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Vt. Boy's Sneakers Named Smelliest in U.S.


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Vt. Boy's Sneakers Named Smelliest in U.S.


Associated Press Writer

March 23, 2005, 9:15 AM EST

MONTPELIER, Vt. -- There wasn't much left of the sneakers Noah Nielsen entered into the contest Tuesday, but it was the stench that earned him the top prize.

Nielsen, 10, beat six other contestants from around the country in the 30th annual national rotten sneaker contest.

The secret of his success? "No socks, ever."

"The stank was from rubbing my toes back and forth and making them sweaty," said Nielsen, with his trophy in hand and two golden sneakers hanging from his neck.

Nielsen said he also played soccer and baseball in the three-year-old Adidas patched together with duck tape. The wide gaps in the shoes revealed grimy toes and emitted a pungent odor that drove one judge to gag, another to take a step back and a dog to roll on top of the sneakers.

"Human feet shouldn't smell that bad," said judge Bill Fraser, Montpelier city manager.

Nielsen is a veteran of the competition. Last year he was a runner-up in the state event.

In the week leading up to this year's contest, he refused to take a bath. When his parents insisted, they found him with his feet hanging out of the tub, his father Peter Nielsen said.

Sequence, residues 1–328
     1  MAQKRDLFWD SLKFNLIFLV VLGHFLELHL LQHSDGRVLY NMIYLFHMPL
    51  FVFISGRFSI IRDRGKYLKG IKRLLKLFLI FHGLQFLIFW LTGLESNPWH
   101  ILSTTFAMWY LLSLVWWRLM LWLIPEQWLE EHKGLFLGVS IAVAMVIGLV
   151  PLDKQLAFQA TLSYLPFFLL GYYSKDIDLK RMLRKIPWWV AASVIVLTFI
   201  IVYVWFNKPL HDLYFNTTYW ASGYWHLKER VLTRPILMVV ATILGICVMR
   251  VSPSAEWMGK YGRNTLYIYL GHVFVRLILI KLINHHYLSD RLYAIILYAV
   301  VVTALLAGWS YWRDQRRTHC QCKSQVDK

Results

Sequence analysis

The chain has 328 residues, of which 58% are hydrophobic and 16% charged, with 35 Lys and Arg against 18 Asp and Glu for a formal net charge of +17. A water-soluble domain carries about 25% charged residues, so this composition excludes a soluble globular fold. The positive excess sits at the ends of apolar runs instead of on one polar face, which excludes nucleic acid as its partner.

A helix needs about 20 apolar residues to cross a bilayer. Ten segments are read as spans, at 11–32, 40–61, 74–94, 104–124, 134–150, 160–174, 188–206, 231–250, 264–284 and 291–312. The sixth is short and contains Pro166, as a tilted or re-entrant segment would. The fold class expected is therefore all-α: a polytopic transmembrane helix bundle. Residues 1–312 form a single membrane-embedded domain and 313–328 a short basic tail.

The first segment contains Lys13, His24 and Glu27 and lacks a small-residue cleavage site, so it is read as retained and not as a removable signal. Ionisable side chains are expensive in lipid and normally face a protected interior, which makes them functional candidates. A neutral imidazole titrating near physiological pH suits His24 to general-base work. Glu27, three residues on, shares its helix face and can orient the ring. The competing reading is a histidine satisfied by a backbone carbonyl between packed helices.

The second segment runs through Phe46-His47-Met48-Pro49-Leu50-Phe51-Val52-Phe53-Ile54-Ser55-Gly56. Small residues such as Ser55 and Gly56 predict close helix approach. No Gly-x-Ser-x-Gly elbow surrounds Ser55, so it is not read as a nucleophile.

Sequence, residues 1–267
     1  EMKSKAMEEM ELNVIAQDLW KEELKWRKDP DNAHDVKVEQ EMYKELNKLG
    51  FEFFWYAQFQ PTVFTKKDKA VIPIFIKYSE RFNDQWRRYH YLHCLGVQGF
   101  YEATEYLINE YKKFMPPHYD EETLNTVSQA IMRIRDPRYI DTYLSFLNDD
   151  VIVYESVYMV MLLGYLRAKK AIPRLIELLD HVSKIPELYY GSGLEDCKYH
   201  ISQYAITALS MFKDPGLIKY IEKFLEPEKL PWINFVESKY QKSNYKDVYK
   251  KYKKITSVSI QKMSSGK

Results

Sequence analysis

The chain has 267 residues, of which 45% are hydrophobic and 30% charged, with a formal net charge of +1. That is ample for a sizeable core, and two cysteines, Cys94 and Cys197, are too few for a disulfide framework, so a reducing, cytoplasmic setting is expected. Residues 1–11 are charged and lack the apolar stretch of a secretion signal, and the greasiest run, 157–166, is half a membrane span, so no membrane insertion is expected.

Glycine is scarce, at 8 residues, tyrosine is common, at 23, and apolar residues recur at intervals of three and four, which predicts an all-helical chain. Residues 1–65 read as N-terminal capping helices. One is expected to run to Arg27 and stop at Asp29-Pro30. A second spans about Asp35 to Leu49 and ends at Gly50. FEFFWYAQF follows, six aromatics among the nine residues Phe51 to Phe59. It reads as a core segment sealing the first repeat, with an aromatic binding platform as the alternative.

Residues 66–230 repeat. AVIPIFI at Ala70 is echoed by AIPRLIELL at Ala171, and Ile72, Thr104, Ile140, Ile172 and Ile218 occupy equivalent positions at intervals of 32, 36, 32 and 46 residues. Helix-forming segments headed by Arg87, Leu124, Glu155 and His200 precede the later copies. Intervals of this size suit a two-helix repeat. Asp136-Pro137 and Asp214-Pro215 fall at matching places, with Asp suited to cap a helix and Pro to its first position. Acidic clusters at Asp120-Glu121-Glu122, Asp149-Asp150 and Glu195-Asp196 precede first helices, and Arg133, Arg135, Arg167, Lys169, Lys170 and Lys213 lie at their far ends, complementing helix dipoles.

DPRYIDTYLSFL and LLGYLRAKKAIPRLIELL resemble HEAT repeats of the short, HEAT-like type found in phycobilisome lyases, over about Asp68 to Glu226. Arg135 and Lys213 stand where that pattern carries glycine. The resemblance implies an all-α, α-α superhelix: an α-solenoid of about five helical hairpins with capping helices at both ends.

His parents wouldn't allow him to wear the sneakers to school, so he put them on in the morning and at night. Noah Nielsen even wore them to bed Monday night, said his sister, Izabel, 13.

As the winner, he was awarded a $500 savings bond, a $100 check for new sneakers and a supply of Odor-Eaters products.

The other young contestants came from as far away as Alaska, Texas, Washington and Utah to compete in the event, which is sponsored by Odor-Eaters.

They each competed in state competitions to make it to Montpelier.

The contest began in 1975 as a way to help a local sporting goods store sell shoes. In 1988, Odor-Eaters -- maker of anti-foot-odor insoles, sprays and powder -- assumed sponsorship of the event.

The four judges, including an odor expert from NASA and a black Labrador retriever, ranked the sneakers for their soles, heals, toes, laces and odor.

Kylan Dinkel, 10, from Wasilla, Alaska, said she played soccer in her muddy laceless sneakers for four years.

Jake Nelson, 10, of Lehi, Utah, dragged his behind his scooter. "He just doesn't like to wear socks," his father Steve Nelson said.

But it was Nielsen's that stood out. "I didn't like that," Bill Aldrich of NASA said after he took a sniff.

"I'll just take a step back," said judge Martha Tucker. "Those are impressive."

Copyright © 2005, The Associated Press


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